By Henry HollanderSukkot is my daughter’s favorite Jewish holiday. It might be mine too, but I don’t like to play favorites.
Like Passover, Sukkot (Hag Ha-Sukkot in Hebrew: The Festival of Booths, or Sukkos in Yiddish) is a holiday we celebrate at home. Well, not exactly at home; sukkahs are usually home adjacent. You can build them in your yard or on your deck or on a balcony - any place where you have open sky above you. A Sukkah needs three walls, and it needs to be covered with fresh greenery – enough to give you a bit more than fifty percent shade.
My daughter likes Sukkot because it combines so many of the things that she calls fun: being together with family and friends, making meals with comfort foods, a construction project, and an opportunity to decorate.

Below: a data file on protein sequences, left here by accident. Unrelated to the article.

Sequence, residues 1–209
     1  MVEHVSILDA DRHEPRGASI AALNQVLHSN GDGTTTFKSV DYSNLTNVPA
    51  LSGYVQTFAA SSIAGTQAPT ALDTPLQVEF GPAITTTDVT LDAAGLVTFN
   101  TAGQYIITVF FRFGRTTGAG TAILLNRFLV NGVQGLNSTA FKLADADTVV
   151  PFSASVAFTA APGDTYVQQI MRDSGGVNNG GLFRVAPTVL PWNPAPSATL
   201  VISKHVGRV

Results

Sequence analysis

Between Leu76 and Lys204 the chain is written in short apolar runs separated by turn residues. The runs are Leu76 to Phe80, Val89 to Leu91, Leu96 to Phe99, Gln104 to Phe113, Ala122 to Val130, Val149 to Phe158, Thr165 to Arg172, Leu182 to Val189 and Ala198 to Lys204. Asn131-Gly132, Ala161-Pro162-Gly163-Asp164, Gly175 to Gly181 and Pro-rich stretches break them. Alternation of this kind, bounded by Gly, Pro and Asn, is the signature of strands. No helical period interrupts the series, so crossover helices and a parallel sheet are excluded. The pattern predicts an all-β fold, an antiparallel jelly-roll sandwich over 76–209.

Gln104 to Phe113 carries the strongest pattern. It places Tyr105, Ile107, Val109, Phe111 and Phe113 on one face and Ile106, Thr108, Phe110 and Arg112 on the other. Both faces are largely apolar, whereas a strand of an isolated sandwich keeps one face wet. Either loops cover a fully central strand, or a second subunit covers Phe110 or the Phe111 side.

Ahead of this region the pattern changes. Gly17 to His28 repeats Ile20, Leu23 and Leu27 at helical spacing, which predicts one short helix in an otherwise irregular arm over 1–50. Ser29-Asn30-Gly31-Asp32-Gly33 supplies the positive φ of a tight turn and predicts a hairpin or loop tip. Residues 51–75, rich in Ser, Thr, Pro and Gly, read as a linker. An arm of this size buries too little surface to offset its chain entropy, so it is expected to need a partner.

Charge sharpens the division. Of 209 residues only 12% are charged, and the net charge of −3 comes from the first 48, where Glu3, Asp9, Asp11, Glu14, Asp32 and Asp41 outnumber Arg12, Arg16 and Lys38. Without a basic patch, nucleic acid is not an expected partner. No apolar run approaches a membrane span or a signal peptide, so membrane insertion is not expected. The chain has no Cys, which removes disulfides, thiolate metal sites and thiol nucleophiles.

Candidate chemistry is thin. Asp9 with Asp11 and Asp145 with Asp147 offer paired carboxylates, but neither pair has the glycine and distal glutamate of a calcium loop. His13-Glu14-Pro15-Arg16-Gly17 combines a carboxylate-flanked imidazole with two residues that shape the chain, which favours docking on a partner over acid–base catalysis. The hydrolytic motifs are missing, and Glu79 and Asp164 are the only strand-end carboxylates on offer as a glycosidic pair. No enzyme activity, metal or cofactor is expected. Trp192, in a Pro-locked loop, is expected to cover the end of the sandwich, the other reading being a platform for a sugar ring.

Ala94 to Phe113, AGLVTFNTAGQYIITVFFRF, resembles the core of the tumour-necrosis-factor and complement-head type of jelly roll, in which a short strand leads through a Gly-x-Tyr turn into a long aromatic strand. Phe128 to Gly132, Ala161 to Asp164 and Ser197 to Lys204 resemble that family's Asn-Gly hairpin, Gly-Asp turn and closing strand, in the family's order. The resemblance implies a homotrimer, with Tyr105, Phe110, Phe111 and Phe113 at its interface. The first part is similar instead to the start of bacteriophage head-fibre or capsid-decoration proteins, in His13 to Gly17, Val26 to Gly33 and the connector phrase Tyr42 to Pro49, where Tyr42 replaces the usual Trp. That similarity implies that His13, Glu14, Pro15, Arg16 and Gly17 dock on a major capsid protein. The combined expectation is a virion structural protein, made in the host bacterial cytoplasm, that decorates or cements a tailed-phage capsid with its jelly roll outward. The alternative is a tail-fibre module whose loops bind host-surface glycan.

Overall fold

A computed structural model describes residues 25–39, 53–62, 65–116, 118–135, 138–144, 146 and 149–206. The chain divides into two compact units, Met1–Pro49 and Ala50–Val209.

You are supposed to "dwell" in your Sukkah during the holiday, but how do you know that you are dwelling? You dwell where you eat all your meals and where you sleep. We used to eat all of our meals in the Sukkah, and my daughter and her best friend once tried sleeping in ours, but they came inside after getting spider bites. Blu Greenberg, in How To Run a Traditional Jewish Household, reminds us that if it is pouring rain we are required to come inside, as the mitzvah of sitting in a Sukkah is only fulfilled when the holiday is a time of our joy.
Sukkot is a great time to get together family and friends, have some fun, and indulge your creative side. If you don’t have the space or the time to build your own, make sure to visit one at a local synagogue, JCC, or at a friend's house.